Solitude of the Solomon Islands


After crossing the Pacific Ocean, an overnight in Brisbane, and another plane ride to Honiara, the capital of the Solomon Islands, I touched down in one of the least visited tropical islands in the world.

Yet another commuter airplane ride to the island of Munda, then a 20 minute speed boat ride landed me on the island of Lola, the base of our operations for the next 10 days.

I'm greeted by Mikayla Wujec and Andrea Reid, two National Geographic Young Explorers studying Bolbometopon muricatum, the bumphead parrotfish, and documenting effects of Marine Protected Areas (MPA's) on their well being. I will be 3D modeling coral reefs to see how benthic structure and complexity further influence these underwater giants.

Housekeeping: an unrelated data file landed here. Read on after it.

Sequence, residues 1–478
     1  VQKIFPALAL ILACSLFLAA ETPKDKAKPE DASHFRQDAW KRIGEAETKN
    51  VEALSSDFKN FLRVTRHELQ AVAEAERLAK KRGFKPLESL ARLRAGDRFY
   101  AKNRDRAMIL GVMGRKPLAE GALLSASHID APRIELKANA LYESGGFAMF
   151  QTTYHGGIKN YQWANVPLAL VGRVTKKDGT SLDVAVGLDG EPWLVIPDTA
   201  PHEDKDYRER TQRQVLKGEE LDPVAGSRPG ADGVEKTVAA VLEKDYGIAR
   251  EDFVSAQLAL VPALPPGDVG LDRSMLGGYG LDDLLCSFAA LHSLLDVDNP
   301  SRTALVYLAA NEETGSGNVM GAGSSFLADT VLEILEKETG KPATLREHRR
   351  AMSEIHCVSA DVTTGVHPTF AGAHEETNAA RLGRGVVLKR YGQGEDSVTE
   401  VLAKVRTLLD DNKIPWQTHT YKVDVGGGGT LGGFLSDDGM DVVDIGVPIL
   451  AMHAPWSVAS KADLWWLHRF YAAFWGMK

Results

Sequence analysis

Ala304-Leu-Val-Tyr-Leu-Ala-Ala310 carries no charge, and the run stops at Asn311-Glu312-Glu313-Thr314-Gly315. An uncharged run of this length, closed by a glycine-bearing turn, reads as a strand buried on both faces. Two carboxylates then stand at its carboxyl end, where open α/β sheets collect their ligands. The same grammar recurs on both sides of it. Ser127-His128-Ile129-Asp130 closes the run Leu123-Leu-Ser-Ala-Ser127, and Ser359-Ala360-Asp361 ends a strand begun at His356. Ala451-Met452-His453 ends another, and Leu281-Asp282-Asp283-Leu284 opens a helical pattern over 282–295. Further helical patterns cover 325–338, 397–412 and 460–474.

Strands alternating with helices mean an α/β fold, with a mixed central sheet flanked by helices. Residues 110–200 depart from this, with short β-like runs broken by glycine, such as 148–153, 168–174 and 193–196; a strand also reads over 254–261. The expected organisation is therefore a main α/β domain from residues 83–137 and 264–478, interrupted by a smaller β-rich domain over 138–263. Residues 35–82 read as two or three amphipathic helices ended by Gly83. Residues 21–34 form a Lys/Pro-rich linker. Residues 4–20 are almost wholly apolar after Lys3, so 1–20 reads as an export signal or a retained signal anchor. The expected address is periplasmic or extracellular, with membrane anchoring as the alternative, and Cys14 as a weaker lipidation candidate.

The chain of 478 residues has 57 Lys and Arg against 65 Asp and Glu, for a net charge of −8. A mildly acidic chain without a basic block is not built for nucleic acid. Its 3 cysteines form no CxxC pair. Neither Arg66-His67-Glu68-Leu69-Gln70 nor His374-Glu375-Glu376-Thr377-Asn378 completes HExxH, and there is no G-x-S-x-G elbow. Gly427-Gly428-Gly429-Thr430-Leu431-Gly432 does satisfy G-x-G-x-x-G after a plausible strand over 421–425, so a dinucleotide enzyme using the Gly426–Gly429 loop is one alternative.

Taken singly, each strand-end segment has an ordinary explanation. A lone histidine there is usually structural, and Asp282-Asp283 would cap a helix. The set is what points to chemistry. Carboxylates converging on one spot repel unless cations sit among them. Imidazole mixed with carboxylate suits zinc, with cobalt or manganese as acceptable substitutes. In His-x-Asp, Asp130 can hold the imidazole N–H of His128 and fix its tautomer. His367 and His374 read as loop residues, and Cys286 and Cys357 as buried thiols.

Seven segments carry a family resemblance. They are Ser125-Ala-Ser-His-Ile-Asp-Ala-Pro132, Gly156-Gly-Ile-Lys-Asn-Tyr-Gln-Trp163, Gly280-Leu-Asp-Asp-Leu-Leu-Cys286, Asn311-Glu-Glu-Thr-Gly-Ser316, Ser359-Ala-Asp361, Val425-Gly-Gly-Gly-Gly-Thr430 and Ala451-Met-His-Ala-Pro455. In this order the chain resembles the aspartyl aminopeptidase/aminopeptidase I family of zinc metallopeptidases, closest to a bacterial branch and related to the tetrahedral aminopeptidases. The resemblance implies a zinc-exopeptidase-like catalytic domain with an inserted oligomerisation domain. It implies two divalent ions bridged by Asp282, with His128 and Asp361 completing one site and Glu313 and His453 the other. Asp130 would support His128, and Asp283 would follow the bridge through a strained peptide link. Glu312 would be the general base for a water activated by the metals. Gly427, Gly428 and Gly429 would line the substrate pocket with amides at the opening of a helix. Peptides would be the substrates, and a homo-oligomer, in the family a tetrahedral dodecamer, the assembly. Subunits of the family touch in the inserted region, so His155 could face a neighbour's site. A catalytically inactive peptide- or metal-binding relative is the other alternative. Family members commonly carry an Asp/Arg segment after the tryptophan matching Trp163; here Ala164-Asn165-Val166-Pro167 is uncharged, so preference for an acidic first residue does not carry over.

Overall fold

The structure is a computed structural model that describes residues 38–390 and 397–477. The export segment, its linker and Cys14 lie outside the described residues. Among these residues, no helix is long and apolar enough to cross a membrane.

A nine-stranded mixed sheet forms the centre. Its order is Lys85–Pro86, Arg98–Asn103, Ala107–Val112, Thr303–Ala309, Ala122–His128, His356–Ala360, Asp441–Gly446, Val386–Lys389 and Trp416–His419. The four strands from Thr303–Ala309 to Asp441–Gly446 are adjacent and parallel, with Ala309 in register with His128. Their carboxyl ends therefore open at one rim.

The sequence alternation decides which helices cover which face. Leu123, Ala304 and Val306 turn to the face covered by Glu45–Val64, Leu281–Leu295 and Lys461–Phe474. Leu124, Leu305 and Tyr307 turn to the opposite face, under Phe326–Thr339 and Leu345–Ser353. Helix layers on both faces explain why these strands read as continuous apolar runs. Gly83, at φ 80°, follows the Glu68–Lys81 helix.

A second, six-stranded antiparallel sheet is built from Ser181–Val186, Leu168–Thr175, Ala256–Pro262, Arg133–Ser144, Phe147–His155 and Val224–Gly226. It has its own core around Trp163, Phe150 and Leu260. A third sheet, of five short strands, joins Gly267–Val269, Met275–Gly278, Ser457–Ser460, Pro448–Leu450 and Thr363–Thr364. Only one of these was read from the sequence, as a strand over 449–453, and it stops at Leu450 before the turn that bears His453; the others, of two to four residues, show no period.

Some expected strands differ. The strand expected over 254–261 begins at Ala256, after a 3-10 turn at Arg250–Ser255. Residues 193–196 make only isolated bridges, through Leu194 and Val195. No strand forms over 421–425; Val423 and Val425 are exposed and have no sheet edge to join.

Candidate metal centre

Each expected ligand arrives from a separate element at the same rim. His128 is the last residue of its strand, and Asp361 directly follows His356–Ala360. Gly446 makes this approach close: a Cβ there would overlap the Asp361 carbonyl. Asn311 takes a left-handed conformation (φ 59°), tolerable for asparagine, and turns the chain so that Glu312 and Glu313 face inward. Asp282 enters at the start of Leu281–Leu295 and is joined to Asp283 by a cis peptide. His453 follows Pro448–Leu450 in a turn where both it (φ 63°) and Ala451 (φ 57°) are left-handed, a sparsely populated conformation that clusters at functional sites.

This island feels like a mash up between the Hobbit shire and the Bahamas. Orchids line every square foot of the property. Coconut trees clump between houses, and a dozen mysterious birds call to us from the dense rain forests behind our leaf huts.

Blacktip reef sharks circle the dock like sentries. The gargantuous Kolambangara mountain towers over us at 1770 meters (or about 5800 ft for my fellow Americans.) The stifling heat and malaria packed mosquitos increase as the day progresses. My daily malarone pills and hole ridden mosquito bed net are all that prevent me from a 5 week bowel and sweat intensive sickness. Nevertheless, I'm looking forward to our days ahead.